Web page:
Published in: on November 25, 2011 at 12:05 am  Leave a Comment  

Sounds of Thanksgiving

A Song

Thank you, Lord, for saving my soul
Thank you, Lord, for making me whole
Thank you, Lord, for giving to me
Thy great salvation so rich and free

A Commitment

I pledge allegiance
to the flag
of the United States of America
and to the Republic
for which it stands,
one nation,
under God,
with liberty
and justice for all.

A Prayer

Our Father, which art in heaven,
Hallowed be thy Name.
Thy Kingdom come.
Thy will be done in earth,
As it is in heaven.
Give us this day our daily bread.
And forgive us our trespasses,
As we forgive them that trespass against us.
And lead us not into temptation,
But deliver us from evil.
For thine is the kingdom, The power, and the glory, For ever and ever.


Published in: on November 24, 2011 at 12:05 am  Leave a Comment  

Preparing for Thanksgiving

I know that most of you are busier than a one arm paper hanger in a wind storm trying to get ready for Thanksgiving. Just think of all you have to do: make sure there is all the things you need on hand to complete your thanksgiving dinner, know the football schedule so you won’t have to have family member jumping up to check on the game, making your list for shopping on Black Friday, time and places you will need to be, families members and friends you must call, it is going to be a busy day and now I come along and add to your list. Lead your family tomorrow to be thankful for: Sgt. William Story, standing watch on a hill in Afghanistan so that our lunch might go well, Lt. Page Whitehouse flying her helicopter into harms way to bring out those who have been wounded, even the enemy wounded, Petty Officer Steve Chandler aboard the USS Florida, deep under the ocean where not even those who know can tell anyone, his duty of silence makes our enemy aware that they can never win in a nuclear war against America. Of course there is Pvt. George Simmons, somewhere near the neutral zone in South Korea standing his post, keeping the honor of America , Lt. John Fisher serving as duty officer aboard a ship at sea, Sgt Marvin Suiter in a ditch looking across the landscape hoping the enemy will not come today, A mothers son or daughter, a wife, a husband, a father, all around the globe men and women keep watch today, not of a Football game, not a great meal around the table of their family but somewhere on the edge of conflict and terror. A police officer, a fireman, a medic, a trooper all away from home, missing family and friends in order for all of us to laugh, have a wonderful meal, enjoy a lot of football, eat too much, and fall safely asleep on our couch in this land of the free and home of the brave. Our thanks to God and His abiding care upon one and all that make this day free for each of us.


Published in: on November 23, 2011 at 12:05 am  Leave a Comment  

Standing My Watch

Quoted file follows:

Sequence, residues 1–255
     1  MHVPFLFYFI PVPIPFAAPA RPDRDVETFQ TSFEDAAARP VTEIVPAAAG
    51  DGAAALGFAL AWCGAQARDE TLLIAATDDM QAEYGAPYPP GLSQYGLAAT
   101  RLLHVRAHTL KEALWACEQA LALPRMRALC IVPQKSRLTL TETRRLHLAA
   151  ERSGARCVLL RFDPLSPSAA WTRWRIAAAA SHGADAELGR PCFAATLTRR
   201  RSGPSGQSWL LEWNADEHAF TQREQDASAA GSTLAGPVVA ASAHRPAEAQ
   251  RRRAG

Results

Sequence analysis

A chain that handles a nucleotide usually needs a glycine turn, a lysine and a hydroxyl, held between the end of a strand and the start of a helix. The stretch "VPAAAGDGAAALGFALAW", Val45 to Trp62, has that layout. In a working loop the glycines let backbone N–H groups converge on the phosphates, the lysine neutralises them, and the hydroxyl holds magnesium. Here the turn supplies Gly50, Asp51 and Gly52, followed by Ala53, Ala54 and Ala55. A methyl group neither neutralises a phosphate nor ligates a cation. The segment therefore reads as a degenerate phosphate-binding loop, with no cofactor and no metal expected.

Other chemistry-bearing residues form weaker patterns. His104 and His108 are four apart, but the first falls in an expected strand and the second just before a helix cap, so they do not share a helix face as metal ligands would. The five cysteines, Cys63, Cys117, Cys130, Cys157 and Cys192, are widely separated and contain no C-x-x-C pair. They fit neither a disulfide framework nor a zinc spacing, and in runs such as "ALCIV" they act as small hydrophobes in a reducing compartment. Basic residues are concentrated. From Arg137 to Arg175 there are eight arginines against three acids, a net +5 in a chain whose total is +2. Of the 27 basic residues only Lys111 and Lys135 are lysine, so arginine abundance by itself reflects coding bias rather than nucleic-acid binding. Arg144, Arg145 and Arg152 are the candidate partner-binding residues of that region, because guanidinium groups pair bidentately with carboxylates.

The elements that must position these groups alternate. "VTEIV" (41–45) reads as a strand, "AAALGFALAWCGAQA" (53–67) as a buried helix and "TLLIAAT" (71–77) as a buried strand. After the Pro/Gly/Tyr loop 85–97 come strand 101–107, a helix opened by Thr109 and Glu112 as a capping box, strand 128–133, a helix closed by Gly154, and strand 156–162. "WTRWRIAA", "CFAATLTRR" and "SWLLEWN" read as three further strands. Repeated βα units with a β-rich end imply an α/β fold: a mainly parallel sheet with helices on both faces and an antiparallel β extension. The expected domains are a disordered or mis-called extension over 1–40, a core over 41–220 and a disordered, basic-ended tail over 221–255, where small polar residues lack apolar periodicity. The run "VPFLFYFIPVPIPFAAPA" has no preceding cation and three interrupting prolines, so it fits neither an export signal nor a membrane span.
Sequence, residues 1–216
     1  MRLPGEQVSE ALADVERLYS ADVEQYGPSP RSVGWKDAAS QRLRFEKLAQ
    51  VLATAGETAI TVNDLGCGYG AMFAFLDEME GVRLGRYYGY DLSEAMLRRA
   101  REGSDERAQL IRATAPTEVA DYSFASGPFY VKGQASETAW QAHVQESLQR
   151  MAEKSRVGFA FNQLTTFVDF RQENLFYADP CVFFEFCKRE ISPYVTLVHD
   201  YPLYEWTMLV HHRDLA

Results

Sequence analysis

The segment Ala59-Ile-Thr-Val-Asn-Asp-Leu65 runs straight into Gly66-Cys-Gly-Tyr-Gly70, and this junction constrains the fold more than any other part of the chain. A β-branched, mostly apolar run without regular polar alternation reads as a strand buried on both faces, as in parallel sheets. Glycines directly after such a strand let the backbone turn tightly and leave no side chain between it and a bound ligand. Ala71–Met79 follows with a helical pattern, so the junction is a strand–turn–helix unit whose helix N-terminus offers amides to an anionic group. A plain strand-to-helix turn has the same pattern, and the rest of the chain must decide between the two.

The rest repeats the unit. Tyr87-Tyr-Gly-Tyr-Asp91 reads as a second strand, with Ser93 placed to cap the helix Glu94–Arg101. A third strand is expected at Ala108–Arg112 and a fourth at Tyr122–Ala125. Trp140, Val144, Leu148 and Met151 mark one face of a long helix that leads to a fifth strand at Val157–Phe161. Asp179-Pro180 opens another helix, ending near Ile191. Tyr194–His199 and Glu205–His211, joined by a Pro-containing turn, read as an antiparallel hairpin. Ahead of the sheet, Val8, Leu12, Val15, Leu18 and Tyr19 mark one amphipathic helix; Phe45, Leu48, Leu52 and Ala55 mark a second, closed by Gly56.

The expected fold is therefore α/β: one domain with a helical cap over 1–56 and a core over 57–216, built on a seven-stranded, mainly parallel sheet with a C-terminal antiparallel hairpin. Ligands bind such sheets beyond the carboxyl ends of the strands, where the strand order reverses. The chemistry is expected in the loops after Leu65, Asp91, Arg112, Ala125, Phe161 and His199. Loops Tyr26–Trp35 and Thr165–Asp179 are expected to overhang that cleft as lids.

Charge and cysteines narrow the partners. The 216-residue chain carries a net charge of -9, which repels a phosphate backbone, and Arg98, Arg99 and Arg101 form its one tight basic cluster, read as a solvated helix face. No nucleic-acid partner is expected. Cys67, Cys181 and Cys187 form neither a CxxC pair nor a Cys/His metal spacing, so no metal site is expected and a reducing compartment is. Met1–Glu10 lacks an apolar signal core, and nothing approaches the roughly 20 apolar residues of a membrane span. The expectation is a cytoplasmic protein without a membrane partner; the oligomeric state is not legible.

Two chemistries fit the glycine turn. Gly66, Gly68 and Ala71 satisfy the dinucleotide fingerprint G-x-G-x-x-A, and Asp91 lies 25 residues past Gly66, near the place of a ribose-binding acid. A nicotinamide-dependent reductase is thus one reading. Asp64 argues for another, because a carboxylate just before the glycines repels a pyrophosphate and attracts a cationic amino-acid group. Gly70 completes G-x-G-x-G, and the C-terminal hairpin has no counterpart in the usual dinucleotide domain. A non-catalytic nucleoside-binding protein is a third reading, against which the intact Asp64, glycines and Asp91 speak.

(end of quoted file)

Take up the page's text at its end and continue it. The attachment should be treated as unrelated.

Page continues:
It was time for Habakkuk to stand his watch. It would be a long three hours, but important, necessary, and his duty. As he climbed the ladder which would lead to his rampart, the place were he would stand as the protector of his city he remember what his father had taught him about the duty of standing watch. He had told him as he passed the time of providing protection to look in three directions. First he was to look outside the wall, out where the enemy would come from, out where those who would do them harm were hiding. A good watchman knew how far his eyes could see and how long it would take a warrior to come from that distance to his city. He knew each tree, stone, ditch, and other places where the enemy could hide in order to bring harm to his city. Second a good watchman would always look within; from where he stood on the rampart he could see the roof of his home. He knew that under that roof his wife was asleep depending on him to proved protection, warning, and safety. His children were there deep in sleep with no fear and no concern about their safety because their father was standing the watch. The third place a good watchman would look was up; up to where the stars marked their place in the sky, where the dimming of those stars would let him know that soon over the eastern horizon the sun would begin to peek and the morning star would begin to bring light to his city. Habakkuk was an excellent watchman, he searched the darkness and shadows of the night outside his city, his eyes saw the image of his family and others who depended on him for their safety. He would not fail them. Habakkuk also looked up and as he did so he looked not only for the peaking of the sun in the eastern sky but for the presence of The Son as He keep their city safe and provide what no watchman could provide, assurance of salvation. Habakkuk watched, he listened, he learned, and he longed for the coming of the Son. I wonder who did not keep their watch in America . Who allowed sin to slip so far under our doorway that what was once horrible has become an accepted way of life. Who forgot to sound the alarm, who failed to see how fast the enemy approached, who slept and did not look and allowed our values to slip until even truth is hard to find? Maybe it is time for us to look up and ask for The Son to rise.